Careers advice: Tips on carrying out a neighbourhood planning site assessment

Neighbourhood planing

Allocating sites for development is one of the most powerful aspects of neighbourhood planning, but it is essential that the evidence backs up the proposed site allocation policies. The tips below are some of the key things to look out for when carrying out a site assessment for a neighbourhood plan. 

Preparation is key

There is plenty of useful guidance on carrying out neighbourhood plan site assessments, including guidance provided by some local planning authorities (LPA). Make sure the approach to the site assessment is appropriate for the context and agreed with the neighbourhood planning group first. It will need to be adapted to the circumstances and should take account of what the group is trying to do, what information already exists (through the LPA’s evidence base or work already carried out by the group) and, crucially, what the strategic policies of the local plan (both adopted and emerging) are for the neighbourhood area. It is also important to understand the development needs of the neighbourhood area to understand the scale of development the site allocations will aim to accommodate. 

Include all known sites

Before launching in to a detailed appraisal of the sites that a neighbourhood planning group has identified, first check that there aren’t other sites that should be included that have been missed e.g. sites identified by the LPA in a Housing and Economic Land Availability Assessment (HELAA or SHLAA) or live planning applications. It is also useful to do a neighbourhood plan ‘Call for Sites’ to allow local landowners, residents and businesses to submit sites for consideration. You don’t need to own the land to submit a site!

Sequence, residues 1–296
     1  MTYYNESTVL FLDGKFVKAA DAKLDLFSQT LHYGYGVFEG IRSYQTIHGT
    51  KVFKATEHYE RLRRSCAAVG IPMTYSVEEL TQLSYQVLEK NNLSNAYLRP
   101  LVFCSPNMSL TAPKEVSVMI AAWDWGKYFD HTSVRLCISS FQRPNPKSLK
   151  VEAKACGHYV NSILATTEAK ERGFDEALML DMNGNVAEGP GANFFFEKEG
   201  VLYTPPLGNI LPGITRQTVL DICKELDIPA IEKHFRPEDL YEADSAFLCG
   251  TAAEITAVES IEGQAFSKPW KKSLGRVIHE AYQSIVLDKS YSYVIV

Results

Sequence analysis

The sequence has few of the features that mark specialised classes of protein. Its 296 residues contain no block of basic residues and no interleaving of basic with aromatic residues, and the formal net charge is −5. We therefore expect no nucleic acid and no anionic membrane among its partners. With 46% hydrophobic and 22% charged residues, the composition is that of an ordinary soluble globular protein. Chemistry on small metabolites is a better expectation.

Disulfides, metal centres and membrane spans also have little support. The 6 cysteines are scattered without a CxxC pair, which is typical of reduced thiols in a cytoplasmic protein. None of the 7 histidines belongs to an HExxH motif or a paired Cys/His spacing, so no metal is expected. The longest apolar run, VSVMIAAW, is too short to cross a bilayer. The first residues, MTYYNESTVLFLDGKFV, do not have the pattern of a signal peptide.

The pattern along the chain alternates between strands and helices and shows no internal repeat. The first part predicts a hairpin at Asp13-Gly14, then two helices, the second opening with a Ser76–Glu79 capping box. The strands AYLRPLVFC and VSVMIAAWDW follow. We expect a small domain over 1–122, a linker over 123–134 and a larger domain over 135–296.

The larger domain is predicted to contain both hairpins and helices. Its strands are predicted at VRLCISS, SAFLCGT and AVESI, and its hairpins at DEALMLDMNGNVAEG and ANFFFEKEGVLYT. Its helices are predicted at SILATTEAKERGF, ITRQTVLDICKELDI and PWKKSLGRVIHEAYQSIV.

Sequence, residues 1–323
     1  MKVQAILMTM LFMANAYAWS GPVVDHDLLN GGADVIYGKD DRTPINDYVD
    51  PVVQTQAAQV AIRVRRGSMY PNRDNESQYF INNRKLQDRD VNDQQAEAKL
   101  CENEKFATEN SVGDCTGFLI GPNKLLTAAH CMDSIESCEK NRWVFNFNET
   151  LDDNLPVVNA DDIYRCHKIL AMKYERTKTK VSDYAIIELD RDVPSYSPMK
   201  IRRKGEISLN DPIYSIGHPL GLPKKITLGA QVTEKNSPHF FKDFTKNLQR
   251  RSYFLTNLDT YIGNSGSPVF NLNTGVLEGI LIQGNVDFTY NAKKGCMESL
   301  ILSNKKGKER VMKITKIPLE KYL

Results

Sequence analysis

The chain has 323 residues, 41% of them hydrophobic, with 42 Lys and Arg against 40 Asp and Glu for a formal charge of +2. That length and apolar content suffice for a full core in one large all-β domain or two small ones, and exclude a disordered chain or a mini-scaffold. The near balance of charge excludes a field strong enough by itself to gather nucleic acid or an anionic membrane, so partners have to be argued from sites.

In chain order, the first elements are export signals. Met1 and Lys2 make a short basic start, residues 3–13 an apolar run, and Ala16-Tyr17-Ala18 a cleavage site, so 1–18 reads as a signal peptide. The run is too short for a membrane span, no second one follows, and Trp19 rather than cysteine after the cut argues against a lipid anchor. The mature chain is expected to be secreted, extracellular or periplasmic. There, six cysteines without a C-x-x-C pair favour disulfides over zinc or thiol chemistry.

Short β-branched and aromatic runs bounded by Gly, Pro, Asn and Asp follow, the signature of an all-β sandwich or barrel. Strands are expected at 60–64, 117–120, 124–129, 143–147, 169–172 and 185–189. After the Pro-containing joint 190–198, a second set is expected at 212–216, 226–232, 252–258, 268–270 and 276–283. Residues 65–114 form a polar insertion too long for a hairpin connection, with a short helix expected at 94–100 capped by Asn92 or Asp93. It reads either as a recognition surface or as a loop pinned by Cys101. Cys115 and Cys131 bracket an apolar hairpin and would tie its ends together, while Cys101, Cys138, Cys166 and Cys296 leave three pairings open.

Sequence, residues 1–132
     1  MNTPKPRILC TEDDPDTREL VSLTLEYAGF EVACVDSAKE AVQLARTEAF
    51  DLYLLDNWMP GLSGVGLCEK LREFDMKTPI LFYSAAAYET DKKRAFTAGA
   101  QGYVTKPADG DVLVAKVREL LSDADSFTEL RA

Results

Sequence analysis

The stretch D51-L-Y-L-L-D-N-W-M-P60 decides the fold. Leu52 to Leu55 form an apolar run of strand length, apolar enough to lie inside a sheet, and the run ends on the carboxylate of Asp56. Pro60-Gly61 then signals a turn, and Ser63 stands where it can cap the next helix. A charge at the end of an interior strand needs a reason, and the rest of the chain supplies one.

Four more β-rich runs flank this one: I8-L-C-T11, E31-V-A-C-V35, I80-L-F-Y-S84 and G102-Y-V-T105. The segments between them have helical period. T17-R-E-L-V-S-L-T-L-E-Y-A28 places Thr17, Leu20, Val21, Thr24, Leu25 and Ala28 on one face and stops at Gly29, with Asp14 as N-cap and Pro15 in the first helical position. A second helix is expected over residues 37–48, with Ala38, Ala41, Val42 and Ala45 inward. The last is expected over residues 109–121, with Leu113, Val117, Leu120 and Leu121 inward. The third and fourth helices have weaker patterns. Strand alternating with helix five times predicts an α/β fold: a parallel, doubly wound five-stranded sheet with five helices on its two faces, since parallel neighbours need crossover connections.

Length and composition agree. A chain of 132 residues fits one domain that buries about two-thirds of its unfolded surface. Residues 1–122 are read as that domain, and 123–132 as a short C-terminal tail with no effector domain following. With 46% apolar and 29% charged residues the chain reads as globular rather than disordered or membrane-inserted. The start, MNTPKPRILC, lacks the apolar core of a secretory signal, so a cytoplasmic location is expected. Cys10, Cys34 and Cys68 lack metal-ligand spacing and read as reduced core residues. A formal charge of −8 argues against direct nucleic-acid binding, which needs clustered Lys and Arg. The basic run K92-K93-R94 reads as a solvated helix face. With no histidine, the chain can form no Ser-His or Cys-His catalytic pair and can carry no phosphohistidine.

Make sure the assessment is consistent

Regardless of the number of sites to be assessed, consistency is key. Ideally the same person or group of people should complete desktop site appraisals and site surveys for all sites, to ensure the same approach is taken. A list of criteria to assess the sites against should be drawn up first and ideally checked with the LPA. Sites should be visited in person. The information should be clearly recorded and the same data sources and survey method should be used for each site. 

Make sure the assessment is objective

The assessment of sites should be based on factual data and professional judgement. Where landowners or the neighbourhood planning group have provided information on particular sites or expressed a preference for some sites over others, this should not influence the assessment of the site. The conclusion for each site should be clearly stated and reference made to the reasons for the conclusion. 

Make sure the site allocations are really supported by the evidence

The site assessment process will usually narrow down the options to a list of sites which are ‘suitable, available and achievable’ for the development proposed; other sites which are ‘potentially suitable, available and achievable’, and sites that are not currently ‘developable’ and therefore not appropriate for allocation. The final sites selected for allocation should be based on the results of the site assessment, any further work carried out to resolve any issues or uncertainties, but also consultation with the community and the LPA. A check should be made that there is clear justification for why certain sites have been selected and that the reasons for not selecting other sites can be robustly defended.  

Una McGaughrin is associate director at consultancy AECOM

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